Quite a few companies have struggled with finding the right price that consumers are willing to pay for an ongoing subscription model. A few weeks ago Chris Anderson, author of “The long tail” argues in “Wired” that the price for a lot transactions should be free. He has some strong arguments that make a good case for a free model for basic transactions instead of hanging onto an universe where a brand charges small transactional fees. His thinking of an economy of “free” is pretty compelling.
I think that his arguments have quite a few applications for a free subscription based model, especially for marketers who are thinking about building long-term profitable relationships to consumers:
- Any free subscription allows a brand to collect data about a consumer and use this information to target more efficiently its products and services. The savings of replacing dumb mass marketing vehicles with more cost efficient direct communication vehicles will decrease an overall marketing budget quite significantly. The core benefit here is cost savings due to smarter Marketing Investments.
- Chris Anderson points out that the revenue of targeted advertising can be as strong and powerful as the pure transactional value that most brands rely on. The benefit is incremental advertising revenue that can replace some of the lost transactional revenue.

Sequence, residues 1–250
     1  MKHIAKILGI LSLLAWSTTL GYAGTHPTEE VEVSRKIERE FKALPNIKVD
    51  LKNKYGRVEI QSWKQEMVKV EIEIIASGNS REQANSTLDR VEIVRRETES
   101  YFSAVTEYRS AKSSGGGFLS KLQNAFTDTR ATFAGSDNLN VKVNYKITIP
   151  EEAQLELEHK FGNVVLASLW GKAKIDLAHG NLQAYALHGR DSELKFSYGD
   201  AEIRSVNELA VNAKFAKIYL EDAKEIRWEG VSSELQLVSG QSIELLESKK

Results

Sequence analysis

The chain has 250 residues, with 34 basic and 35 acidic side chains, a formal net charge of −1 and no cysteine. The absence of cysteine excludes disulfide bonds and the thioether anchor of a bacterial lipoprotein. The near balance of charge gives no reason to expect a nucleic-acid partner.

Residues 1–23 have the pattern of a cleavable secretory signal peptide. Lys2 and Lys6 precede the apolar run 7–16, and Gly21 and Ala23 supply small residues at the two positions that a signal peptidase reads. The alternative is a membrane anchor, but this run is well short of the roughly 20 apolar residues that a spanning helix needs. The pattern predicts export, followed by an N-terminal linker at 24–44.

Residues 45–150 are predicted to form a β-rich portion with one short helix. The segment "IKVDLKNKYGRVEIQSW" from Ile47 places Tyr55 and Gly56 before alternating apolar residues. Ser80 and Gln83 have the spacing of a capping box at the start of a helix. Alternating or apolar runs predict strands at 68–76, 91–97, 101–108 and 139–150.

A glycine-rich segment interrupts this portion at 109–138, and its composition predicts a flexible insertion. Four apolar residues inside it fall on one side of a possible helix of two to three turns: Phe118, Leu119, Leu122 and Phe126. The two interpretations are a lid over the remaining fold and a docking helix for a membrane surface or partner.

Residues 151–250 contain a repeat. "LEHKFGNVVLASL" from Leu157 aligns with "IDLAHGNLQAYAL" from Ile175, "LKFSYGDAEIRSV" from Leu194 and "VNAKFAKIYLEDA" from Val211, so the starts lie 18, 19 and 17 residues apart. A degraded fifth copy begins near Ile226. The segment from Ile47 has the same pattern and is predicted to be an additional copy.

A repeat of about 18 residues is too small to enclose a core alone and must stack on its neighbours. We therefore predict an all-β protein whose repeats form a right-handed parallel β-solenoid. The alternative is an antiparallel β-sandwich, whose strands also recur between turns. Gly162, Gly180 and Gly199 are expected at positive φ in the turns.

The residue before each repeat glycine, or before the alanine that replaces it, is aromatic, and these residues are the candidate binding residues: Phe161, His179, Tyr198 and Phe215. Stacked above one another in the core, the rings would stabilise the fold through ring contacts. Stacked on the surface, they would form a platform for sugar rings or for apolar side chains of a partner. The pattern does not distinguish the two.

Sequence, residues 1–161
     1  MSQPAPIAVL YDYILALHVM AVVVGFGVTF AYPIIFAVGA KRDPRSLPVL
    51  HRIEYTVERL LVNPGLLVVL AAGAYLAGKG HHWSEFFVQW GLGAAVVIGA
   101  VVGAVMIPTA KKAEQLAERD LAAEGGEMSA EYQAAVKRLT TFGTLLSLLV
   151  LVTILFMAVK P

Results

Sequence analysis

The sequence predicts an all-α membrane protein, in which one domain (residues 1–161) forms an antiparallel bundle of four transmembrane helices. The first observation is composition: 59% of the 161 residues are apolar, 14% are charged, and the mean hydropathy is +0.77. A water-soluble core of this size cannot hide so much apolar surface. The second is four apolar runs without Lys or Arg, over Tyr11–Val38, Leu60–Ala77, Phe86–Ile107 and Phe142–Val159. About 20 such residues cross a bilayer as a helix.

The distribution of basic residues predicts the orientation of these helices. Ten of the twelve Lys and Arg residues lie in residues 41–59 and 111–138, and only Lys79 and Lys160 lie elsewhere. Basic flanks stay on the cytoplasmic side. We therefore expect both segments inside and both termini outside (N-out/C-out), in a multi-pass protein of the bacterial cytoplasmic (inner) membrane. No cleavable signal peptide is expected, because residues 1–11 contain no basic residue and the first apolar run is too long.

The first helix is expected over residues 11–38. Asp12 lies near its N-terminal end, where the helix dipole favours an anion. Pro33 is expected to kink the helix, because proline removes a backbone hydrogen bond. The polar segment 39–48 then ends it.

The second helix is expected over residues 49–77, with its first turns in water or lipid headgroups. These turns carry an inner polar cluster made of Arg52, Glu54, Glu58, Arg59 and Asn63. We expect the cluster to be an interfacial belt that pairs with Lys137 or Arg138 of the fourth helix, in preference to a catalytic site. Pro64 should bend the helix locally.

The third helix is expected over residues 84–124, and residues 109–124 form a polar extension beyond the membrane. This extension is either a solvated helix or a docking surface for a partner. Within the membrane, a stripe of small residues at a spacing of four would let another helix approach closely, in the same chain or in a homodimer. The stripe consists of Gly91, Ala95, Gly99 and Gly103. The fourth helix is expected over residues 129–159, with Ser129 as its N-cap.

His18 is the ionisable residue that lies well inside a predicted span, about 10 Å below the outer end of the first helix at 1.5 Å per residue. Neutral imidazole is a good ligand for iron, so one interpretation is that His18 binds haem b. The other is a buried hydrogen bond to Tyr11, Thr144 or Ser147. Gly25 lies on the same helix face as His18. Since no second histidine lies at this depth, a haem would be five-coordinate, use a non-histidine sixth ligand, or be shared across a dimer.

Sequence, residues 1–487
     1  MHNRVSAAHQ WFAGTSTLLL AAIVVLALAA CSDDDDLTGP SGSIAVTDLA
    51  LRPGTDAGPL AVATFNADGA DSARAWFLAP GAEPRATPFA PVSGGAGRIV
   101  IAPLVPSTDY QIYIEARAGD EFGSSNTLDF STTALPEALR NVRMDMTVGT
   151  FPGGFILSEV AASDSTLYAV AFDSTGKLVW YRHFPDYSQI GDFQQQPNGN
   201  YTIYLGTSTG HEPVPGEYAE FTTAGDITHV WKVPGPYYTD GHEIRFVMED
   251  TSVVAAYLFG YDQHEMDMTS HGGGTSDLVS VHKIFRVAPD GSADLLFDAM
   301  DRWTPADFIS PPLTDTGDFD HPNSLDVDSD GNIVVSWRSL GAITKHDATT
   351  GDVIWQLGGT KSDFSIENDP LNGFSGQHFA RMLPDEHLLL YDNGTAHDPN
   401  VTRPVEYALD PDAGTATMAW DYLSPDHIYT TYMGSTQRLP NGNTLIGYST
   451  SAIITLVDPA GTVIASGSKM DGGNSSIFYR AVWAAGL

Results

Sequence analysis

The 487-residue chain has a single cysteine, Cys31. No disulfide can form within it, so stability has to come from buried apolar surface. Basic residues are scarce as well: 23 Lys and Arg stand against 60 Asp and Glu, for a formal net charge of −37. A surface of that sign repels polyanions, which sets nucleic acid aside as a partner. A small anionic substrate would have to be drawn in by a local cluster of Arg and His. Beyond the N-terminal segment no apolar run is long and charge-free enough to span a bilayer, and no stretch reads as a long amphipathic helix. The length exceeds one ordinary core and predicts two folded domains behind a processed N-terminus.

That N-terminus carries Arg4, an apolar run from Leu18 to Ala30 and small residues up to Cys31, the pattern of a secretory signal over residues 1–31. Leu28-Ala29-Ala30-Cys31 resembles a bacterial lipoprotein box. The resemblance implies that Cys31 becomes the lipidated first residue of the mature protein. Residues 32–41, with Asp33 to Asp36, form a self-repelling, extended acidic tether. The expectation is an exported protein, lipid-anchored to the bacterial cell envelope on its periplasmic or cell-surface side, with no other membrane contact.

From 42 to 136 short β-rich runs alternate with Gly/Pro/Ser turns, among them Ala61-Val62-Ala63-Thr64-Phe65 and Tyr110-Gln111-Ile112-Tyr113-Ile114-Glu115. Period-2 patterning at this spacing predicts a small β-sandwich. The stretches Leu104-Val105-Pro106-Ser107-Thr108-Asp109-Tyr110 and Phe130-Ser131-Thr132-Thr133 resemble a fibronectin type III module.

- A free subscription enables the build out of a community of joint interest that might be able to take on tasks that a corporation is used to perform, starting from R&D to Design to Marketing. The subscribers can become the loosely connected outsourced provider of several value steps. It is really the combination of a smart crowd-sourcing model with a subscription based community model. The core benefit is cost savings through outsourcing to free labor.
A lot of brands, especially in the technology and services industry should consider much more seriously of how we can transform old fashioned transactional fee based business models into free subscription relationships. It might be more sustainable and profitable than we ever thought.